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Jets interview more than 50 prospects at the Combine

by Mitchell Clinton (@MClinton007) / Winnipeg Jets

BUFFALO, New York -- The weather in Buffalo, NY during this week’s NHL Scouting Combine has been nothing but sunny skies. But Winnipeg Jets General Manager Kevin Cheveldayoff and Director of Amateur Scouting Marcel Comeau haven’t seen much of it.

Instead, they’ve been inside First Niagara Center, interviewing prospect after prospect, gathering as much information as possible leading into the NHL Draft in three weeks time.

“We're on the last day of actual interviews with the players. I think we've got 10 more to go this afternoon. Full days of 20 players each day,” said Cheveldayoff on Friday morning.

“It becomes a grind for the scouts. The set up here is very good. It is different than it was in Toronto. I think the testing facilities will show that as well. I think it will be a good experience for both the teams and all the players involved.”

This is the first year since 1999 that the NHL Combine is being held somewhere other than Toronto. Comeau said the organizers haven’t missed a beat, and things have been moving smoothly
heading into fitness testing this weekend.

“Central Scouting does a real nice job of making sure things are organized. That's no exception this year with the change of venue,” Comeau said, adding that although the prospect interviews can be a grind, it’s part of the process. “Our staff comes here prepared to put the time in. I think if you want the results, you need to put in the time, and we've done that. We'll meet again on Saturday here and review what's happened as far as the Combine is concerned, work a little bit on our list, and
get ourselves ready to go.”

A total of 117 prospects will go through 12 different fitness tests during the Combine. Just like the change in venue, the format of those fitness tests also changed this year. The infamous bike tests will be on separate days (with VO2 Max taking place Friday, the Wingate Ergometer peak power output test on Saturday), and agility tests will replace pushups, seated medicine ball throw,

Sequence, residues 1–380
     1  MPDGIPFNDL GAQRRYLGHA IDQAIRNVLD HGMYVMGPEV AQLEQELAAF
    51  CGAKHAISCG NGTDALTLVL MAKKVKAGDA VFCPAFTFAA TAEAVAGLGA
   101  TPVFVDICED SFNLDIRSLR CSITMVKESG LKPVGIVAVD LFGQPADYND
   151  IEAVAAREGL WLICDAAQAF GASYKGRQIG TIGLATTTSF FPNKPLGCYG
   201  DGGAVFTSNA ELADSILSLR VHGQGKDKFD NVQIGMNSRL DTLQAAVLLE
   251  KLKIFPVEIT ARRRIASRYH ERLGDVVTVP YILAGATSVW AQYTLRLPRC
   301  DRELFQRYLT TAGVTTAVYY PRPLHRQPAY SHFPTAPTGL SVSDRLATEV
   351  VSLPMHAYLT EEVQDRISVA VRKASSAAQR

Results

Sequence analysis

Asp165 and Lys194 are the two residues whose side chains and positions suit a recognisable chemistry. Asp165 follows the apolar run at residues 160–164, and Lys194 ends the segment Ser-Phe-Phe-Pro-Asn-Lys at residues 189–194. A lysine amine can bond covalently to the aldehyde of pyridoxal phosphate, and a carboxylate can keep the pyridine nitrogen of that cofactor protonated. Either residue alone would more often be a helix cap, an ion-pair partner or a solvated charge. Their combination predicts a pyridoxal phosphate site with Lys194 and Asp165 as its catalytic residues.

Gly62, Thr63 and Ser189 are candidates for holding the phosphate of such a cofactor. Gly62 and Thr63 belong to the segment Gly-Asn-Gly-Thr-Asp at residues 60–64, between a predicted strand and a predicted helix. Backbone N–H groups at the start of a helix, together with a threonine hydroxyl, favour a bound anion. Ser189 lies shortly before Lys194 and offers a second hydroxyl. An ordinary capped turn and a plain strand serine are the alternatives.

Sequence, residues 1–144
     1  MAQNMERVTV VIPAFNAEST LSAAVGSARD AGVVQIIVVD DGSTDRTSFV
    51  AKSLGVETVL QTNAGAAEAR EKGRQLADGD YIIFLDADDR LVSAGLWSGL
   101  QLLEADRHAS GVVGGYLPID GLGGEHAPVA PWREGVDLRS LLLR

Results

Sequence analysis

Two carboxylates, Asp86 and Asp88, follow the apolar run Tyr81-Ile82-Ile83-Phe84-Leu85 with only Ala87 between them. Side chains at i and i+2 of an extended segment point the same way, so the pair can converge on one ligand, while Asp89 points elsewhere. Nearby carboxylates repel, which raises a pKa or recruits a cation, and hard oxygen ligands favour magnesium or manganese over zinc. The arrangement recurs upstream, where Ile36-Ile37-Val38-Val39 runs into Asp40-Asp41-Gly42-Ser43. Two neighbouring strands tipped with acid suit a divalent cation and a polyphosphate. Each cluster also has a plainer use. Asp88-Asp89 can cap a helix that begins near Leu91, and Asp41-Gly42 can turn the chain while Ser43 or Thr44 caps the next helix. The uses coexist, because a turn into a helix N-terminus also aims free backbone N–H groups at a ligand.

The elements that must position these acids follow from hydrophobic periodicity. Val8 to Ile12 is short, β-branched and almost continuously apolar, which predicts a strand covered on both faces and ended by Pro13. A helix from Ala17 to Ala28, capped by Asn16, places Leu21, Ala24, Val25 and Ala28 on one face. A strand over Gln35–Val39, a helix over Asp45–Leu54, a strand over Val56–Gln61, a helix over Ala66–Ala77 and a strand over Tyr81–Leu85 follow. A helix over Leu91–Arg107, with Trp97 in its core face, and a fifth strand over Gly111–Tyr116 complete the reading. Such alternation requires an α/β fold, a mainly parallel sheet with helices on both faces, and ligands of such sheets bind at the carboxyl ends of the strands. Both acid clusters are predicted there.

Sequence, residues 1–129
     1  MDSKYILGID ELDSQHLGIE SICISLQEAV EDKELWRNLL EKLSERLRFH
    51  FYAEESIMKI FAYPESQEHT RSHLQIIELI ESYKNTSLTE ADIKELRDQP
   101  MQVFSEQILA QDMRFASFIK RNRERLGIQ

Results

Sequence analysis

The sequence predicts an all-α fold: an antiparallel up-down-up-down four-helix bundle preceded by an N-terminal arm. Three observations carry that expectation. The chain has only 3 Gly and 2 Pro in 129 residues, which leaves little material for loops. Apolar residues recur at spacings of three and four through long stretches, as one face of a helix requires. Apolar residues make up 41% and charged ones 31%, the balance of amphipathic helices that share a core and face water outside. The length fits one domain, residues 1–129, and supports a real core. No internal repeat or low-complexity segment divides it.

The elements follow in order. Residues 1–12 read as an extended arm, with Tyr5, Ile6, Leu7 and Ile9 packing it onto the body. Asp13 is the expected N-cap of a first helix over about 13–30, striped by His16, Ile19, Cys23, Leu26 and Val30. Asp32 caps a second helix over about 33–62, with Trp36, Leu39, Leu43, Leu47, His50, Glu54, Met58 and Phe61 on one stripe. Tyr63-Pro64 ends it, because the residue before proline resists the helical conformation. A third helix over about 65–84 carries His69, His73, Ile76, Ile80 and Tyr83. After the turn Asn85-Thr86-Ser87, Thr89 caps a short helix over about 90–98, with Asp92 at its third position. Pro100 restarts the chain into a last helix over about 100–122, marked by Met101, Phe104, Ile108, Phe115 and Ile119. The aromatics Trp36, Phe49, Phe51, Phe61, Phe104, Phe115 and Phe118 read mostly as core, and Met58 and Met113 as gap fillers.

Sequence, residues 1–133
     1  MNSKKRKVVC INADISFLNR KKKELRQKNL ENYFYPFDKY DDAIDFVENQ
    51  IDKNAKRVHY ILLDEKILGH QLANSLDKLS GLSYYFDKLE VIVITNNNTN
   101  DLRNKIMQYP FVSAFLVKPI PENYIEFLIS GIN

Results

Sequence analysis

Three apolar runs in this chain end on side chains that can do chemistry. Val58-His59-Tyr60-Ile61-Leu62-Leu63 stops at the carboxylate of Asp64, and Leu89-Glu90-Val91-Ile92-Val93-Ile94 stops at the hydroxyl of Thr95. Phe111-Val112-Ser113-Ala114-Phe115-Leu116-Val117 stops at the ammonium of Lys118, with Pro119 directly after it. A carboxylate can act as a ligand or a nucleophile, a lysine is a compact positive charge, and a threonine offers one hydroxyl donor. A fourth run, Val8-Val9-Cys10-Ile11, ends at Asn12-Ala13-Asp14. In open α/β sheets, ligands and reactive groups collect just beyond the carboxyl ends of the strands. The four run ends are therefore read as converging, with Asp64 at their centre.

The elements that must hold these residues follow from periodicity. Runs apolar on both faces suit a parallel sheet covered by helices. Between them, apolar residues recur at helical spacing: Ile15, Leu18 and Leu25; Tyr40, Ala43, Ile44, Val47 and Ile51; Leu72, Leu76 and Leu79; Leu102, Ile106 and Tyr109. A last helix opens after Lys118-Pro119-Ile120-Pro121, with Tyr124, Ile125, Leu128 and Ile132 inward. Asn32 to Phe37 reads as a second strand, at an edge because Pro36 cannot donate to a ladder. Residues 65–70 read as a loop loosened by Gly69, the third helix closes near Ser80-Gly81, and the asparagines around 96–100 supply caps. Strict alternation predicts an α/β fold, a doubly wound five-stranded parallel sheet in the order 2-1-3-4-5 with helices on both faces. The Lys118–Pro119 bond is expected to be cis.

and push-pull station.

These tests bring a wealth of information to the Winnipeg Jets’ scouting staff. Cheveldayoff says the team will have a man on the floor who can dissect all of it.

“We have our strength and conditioning coordinator, Craig Slaunwhite, here. So he'll watch all the athletes going through the tests,” Cheveldayoff said. “It gives everyone a base point of where everyone is at from a conditioning standpoint. It's a little unfair for some players who have just finished playing a Memorial Cup or went deep into the playoffs, some of the players haven't had a chance to get into their summer fitness programs. In any regard, it gives you an opportunity to see where they're at, but more so maybe where they have capacity to grow and what areas that
you need to work on with them, if you're successful at drafting them.”

All of that information will be key with the Jets holding the 17th and 25th picks in the first round of the NHL Draft. Cheveldayoff says despite holding two picks in the opening round, the work and preparation remains the same. The only thing that might change, is the mindset in the
interview room.

“When you're talking to different players in the Draft Combine, that are potential first rounders in your own mind, you know you might have a chance at one of them,” he said. “But when you get the
opportunity to have two picks like ours, if we do draft them, you're sitting there interviewing these same kids thinking, we might get two of you. So that's a little bit of a different feel.”

But despite that different feel, one thing remains the same: anything can happen on the draft floor. At this moment, Comeau looks at the two first-round picks as a challenge for the scouting staff.

“We're picking 17th. We've never been that low since we've been in Winnipeg here, and we have another pick at 25, and we've never had a pick in that range. We're fishing in a little bit of a different pool of players here,” he said. “Certainly it gives you an idea that you really have to be
prepared, and we will be.”

Regardless of where the Winnipeg Jets make their selections in this year’s draft, Comeau likes the look of the talent pool.

“I think there certainly is good depth. There are drop off points as there are every year. We think there will be some good picks mid to late here,” he said. “We're looking forward to the opportunity to bring some of those players home.”

-- Mitchell Clinton,

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